A Look At T-Note Yield Curve, Market Correlation: Time To Buy?

by: Zarg

The negative correlation between T-Note curve and market has always been a good technical indicator. In the past an inverted yield curve was able to forecast a recession even some quarters ahead of the market. But now the situation is quite tricky.

In the chart you can see the daily movement of S&P 500 (black line) compared to the difference (red line) between the yield of 10 years T-Note and the yield of 5 years T-Note. From 1997 till now, you can see an inverted correlation between the two lines. Back in 1997, you can notice the red line going down untill 2000, while the S&P 500 was going up. Then, from mid 2000 to end of 2002, the red line has gone up very fast, while the market had a crash. Note that in 2000, the inverted yield curve (i.e. long term yield lower than short term yield) forecasted very well the next period of recession.

During 2003 the red line was quite stable, at 1.1-1.0, while the market was going up. From 2004 to 2007, the T-Note yield difference began to fall again, and the market kept going up. In 2007 the red line began to go up some months before the market went down: it forecasted a major market slowdown, again. During the Lehman crash the T-Note yield curve reached a top at 1.30.

But from 2009 to now something else has happened: the correlation between the two curves is direct. You can see that while the red line was going up, the black line (market) was going up too. And even now, we have a red line falling down, very rapidly, and the market is going down too! Normally, even in the recent past, when the difference between long term and short term T-Note is going down, the market keeps going up: that is why the yield curve now would call for a buy. But since 2009, this correlation has been direct: if this correlation keeps going direct, the two curves will go down together.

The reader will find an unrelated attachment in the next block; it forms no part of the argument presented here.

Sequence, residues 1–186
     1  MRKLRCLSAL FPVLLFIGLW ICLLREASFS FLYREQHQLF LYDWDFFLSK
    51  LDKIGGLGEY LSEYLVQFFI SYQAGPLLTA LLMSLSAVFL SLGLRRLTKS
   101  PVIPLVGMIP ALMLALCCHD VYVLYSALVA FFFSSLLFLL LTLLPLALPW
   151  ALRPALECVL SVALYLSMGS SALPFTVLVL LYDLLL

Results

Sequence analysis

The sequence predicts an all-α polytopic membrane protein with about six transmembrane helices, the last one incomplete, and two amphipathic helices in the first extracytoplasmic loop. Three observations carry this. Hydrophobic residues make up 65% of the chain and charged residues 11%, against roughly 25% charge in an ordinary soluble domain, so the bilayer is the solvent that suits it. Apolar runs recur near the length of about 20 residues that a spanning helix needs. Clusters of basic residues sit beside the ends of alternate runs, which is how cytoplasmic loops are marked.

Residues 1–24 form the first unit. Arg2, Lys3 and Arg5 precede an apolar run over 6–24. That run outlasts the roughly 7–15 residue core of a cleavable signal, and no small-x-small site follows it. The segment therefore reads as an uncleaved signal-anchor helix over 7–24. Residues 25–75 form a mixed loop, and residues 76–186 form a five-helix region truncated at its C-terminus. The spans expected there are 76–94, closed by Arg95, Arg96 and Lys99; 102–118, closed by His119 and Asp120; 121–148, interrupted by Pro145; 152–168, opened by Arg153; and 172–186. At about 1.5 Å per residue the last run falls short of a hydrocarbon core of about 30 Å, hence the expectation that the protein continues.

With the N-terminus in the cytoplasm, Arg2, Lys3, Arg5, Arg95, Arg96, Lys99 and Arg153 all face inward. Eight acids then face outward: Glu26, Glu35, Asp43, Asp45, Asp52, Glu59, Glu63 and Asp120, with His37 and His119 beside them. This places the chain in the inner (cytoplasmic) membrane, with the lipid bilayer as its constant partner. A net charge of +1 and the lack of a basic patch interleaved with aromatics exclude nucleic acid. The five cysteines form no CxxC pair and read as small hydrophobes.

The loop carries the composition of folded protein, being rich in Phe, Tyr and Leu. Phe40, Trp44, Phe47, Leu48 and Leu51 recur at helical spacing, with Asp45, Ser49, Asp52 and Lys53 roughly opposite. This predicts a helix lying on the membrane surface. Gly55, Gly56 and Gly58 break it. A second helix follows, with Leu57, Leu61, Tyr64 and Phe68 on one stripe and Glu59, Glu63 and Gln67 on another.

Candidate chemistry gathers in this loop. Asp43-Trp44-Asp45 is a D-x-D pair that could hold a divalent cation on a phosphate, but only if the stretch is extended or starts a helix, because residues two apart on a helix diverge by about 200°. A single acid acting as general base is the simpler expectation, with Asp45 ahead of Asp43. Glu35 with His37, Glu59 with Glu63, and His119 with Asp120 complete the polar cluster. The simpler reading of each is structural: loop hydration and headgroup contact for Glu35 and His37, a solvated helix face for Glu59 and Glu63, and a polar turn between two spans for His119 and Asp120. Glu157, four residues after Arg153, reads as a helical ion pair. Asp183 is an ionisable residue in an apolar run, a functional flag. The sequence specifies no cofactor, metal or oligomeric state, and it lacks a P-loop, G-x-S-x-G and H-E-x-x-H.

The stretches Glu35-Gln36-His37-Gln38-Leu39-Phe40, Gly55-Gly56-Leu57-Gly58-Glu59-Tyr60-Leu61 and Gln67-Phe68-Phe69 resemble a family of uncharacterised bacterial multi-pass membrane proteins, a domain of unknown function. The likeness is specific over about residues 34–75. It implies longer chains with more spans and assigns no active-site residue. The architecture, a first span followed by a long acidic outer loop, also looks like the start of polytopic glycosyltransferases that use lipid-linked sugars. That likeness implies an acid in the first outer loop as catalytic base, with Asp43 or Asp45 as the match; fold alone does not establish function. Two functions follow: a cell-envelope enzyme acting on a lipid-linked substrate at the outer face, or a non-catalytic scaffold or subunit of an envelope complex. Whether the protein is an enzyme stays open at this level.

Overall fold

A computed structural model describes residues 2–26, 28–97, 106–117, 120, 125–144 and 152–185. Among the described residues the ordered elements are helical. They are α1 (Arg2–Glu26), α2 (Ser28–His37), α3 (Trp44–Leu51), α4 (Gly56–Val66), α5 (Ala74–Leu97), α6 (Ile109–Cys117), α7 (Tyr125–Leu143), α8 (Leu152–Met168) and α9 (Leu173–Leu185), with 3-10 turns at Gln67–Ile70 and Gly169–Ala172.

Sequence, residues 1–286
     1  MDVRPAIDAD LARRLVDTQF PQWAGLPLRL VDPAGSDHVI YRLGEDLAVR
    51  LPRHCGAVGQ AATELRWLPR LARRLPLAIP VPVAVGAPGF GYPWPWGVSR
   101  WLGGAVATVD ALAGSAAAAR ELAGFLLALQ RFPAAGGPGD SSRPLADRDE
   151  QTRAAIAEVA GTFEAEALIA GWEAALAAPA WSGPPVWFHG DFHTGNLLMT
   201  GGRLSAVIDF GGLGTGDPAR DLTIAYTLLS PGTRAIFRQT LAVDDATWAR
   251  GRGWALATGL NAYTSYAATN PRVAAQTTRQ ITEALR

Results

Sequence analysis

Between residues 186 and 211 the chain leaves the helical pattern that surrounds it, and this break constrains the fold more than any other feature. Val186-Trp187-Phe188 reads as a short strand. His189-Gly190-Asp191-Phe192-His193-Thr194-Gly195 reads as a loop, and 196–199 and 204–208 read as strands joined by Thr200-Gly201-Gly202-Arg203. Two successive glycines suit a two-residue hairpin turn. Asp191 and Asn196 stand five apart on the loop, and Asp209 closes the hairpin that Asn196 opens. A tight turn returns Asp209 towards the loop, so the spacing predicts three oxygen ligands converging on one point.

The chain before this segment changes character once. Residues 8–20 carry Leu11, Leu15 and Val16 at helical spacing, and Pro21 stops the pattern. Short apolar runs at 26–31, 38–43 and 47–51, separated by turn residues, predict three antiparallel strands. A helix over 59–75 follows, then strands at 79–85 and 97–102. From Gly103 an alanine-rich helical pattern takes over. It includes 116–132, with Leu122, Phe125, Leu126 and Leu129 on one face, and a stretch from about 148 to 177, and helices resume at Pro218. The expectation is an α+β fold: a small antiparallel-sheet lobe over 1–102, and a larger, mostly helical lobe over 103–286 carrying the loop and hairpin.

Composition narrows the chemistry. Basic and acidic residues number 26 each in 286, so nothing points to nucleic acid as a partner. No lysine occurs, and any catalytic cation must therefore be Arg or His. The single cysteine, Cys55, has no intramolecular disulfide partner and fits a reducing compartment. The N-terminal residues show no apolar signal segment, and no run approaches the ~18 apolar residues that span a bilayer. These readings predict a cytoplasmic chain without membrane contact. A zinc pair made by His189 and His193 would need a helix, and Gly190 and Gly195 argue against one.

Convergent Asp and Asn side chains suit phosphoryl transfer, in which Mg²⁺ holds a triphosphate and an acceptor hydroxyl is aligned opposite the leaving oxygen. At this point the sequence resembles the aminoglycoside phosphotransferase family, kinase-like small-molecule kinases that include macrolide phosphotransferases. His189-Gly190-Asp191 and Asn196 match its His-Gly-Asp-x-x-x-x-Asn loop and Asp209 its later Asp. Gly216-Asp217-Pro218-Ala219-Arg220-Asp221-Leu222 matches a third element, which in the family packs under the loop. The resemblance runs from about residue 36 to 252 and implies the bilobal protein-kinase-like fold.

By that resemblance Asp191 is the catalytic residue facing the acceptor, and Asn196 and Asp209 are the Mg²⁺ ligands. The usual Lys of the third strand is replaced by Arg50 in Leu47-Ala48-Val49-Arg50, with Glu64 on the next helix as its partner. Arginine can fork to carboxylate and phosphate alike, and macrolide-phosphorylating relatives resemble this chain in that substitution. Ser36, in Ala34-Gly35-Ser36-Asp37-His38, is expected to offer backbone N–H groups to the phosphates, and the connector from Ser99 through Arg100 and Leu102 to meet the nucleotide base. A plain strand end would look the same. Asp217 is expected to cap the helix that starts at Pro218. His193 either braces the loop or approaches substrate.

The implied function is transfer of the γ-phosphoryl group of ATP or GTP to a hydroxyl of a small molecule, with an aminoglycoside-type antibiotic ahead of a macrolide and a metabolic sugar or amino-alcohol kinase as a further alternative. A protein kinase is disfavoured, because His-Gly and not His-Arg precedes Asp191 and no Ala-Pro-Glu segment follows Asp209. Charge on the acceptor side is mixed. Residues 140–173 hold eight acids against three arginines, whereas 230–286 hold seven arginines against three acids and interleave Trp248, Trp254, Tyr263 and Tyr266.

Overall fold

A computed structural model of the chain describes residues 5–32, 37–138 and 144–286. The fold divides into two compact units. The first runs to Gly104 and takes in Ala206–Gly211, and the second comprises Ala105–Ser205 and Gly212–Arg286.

I can't understand what is happening and maybe you readers can help me. There could be some reasons behind this new correlation: for example the liquidity injections into the market, or the spread in world government bonds. Or maybe this fact could be related to the very low interest rates, never seen in the past. Or maybe the pessimism about the economy is so high that the T-Note is one of few safe places to invest money, and that is why the yields go down, together with the market. Readers' comments on this are really appreciated.

[Click to enlarge]

Disclosure: I have no positions in any stocks mentioned, and no plans to initiate any positions within the next 72 hours.

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